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Estimated change in annual mean sea surface pH between the 1700s and the 1990s. Graphic: <a href="">Plumbago</a>, Creative Commons, some rights reserved
Estimated change in annual mean sea surface pH between the 1700s and the 1990s. Graphic: Plumbago, Creative Commons, some rights reserved

Natural Selections: How rising CO2 levels are changing our oceans

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Most of the concern about carbon dioxide is focused on the quantity in the atmosphere and its effect on climate. But rising CO2 levels in the oceans can have equally significant effects on the ecosystems of the seas. Martha Foley and Curt Stager discuss the changing aquasphere.

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Martha Foley: I read another grim story about carbon dioxide pretty recently in the New Yorker Magazine, written by Elizabeth Colbert, and it hit me pretty hard. She is talking really about the other CO2 problem, and that is that this excess of the carbon dioxide is making the ocean more acid, and I want to talk about that. Why is that so important?

Curt Stager: Yeah, it is kind of hard to believe. You hear about acid and you think of acid rain in the lakes and stuff—and how could the oceans possibly...

MF: The oceans are huge.

CS: They’re huge. And also, if you study oceanography at all, you’d say there is also a buffering system that should resist changes in pH and acidity, too. It’s pretty complicated and hard to explain on the radio, but it has to do with the carbonate (CO3) system in there, and if you add acids, it tends to neutralize it and stabilize it. So how could this be happening? Plus, the ocean is far from acidic now.

MF: It’s salty.

CS: It’s very salty, but in terms of the acidity scales it's strongly basic—the opposite of acid—so how in the world is this going to happen?

MF: Is it just that there is so much CO2?

CS: Yeah, it turns out that this new thing is—that when CO2 goes into water—it makes a weak acid called carbonic acid. It combines with water molecule. So we often hear about the greenhouse effect and the buildup of CO2, and over the long term eventually (maybe) the oceans are going to “save us” by soaking up this extra CO2.

MF: They talk about carbon sequestration in the ocean, actually pumping excess CO2 down into the depths, like "out of sight, out of mind."

CS: It turns out that when it goes into the ocean, it lowers the pH, makes it more acidic—or more accurately—it will never get truly acidic, but it will get less basic. And neutralize it. Who cares about this? One expectation—it depends on what our scenarios are—but it seems pretty likely the mean pH is going to drop like half of a pH unit, or have a threefold acidity increase by the end of the 21st century.

MF: Ok, so why?

CS: Well, a lot of marine life makes their shells out of calcium carbonate minerals to form zeragonite or calcite.

MF: Like coral, and they make a shell?

CS: Corals, any mollusk you can think of, any barnacles, and then things you may have heard of—these little plankton animals. Elizabeth Colbert’s article talked about pteropods, which are these tiny little swimming mollusks.

MF: And they just have this tiny little shell?

CS: Tiny little shell, forams [foraminiferas] and other things like that, too. Some of them use this aragonite version and some use the calcite version of the carbonate. These things will fizz if you put acid on them and they will decompose.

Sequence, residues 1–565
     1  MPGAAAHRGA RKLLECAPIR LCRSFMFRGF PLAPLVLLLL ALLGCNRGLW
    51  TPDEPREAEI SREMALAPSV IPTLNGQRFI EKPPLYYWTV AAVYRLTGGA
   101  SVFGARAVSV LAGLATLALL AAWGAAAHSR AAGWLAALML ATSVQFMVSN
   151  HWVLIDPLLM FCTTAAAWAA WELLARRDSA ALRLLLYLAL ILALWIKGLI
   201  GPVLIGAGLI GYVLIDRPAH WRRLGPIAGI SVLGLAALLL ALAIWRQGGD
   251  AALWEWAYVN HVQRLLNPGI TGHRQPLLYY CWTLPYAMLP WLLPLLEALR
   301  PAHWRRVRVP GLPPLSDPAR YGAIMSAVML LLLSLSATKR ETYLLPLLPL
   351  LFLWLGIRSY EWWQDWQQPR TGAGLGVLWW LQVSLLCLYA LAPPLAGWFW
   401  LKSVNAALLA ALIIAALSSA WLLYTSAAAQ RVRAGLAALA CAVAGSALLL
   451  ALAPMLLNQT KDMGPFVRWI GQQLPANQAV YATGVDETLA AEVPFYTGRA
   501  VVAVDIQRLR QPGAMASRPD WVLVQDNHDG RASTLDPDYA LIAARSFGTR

MF: So the shell dissolves?

CS: The shells dissolve, like if you take hydrochloric acid or vinegar and put it on limestone, on a clam shell, chalk—you see it neutralize. Kind of a slower version of that will happen as the pH changes in the ocean.

MF: So they won’t be able to make their shells?

CS: Well, two things will happen. Once we get about mid-century, especially around the polar regions, and in the deep sea where it is colder and the CO2 can build up better, the effect will be this—things that mostly use aragonite the shells will start to dissolve, actually dissolve. The ones that use the calcite, the little-bit-more resistant, will also be affected. When they are trying to build their shells it will slow them down and they won’t grow as well, and in that case, it’s the corals which are going to have a tougher time building their skeletons.

So, it’s like, "Okay, that can’t be true." But if you start thinking about it, the affects will cascade down, too. The deep sea life forms don’t have sunlight; they depend on the plankton dying and falling down on them from above. And these pteropods and forams and others like that are the base of their food chain, so these things happening up at the surface are going to have gigantic effects on the ecosystem down at depth, too.

MF: This is another food chain problem, as far as that goes. And so for the little creatures, they will cease to exist?

CS: We look back at the past records in geologic time and this kind of thing has happened from volcanic eruptions and mass disasters, and it took millions of years for life forms to recover from those. So the news doesn’t look too good. There’s still a lot of work to be done on exactly what is really likely to happen with different species and different ecosystems, but it is something that we are going to be hearing a lot more about in the near future.

MF: So there is no silver lining here? No happy spin?

CS: It’s kind of hard to hear about it. If we stabilized and stopped increasing our CO2 we may have effects on the global warming we are worried about. But if we stabilized at what we think CO2 levels are going to be in the next decade or two, it will still have effects in the deep sea and around the polar regions.

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